25. Second Mortgages • Tax Reform Act of 1986 eliminated interest deductions on car loans, credit cards, etc. • May make sense to obtain a second mortgage on your house to finance car purchases, make home improvements, pay for college costs, etc. • Interest is tax-deductible • Similar to home equity loans, except home equity loans are basically a credit limit • An amount up to which you can borrow without reapplying each time • Interest is tax deductible

  26. Second Mortgages • Warning • Even if you pay your primary mortgage payments on time, you can lose your house if you fail to pay your second mortgage payments on time • If your house drops in value, the amount you owe stays the same • 125 loans • Loans up to 125% of the market value of the house • Risky!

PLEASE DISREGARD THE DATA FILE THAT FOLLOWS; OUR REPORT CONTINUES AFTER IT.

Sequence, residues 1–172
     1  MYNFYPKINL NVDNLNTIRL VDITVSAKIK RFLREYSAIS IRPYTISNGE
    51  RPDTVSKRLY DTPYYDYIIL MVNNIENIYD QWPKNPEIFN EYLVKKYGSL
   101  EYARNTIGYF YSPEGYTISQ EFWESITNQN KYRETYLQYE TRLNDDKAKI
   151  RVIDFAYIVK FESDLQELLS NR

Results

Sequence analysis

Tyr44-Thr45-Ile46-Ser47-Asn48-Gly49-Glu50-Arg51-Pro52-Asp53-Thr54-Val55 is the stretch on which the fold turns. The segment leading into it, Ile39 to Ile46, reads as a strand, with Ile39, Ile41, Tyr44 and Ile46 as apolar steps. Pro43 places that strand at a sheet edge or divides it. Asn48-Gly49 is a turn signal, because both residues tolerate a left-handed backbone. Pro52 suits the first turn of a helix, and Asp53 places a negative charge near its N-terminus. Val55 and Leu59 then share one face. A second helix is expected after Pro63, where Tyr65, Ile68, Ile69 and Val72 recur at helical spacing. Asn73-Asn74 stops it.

27. Finding the Right House to Buy • Recommend that you prequalify for mortgage before you start looking • Know the max you can afford so you won’t waste time • Lets you quickly arrange financing once you find the house you want

  28. Using a Real Estate Agent • You can either find houses yourself that you are interested in or • Tell an agent what you’re interested in and have them contact you with a list of prospects • Once you’ve selected a house, agent will help you make a formal offer • Prepare a contract stating offer price, desired closing date, etc. • Seller will either accept offer, make counteroffer, or reject offer • You’ll have to put up earnest money • A security deposit (which you’ll probably lose if you recant offer)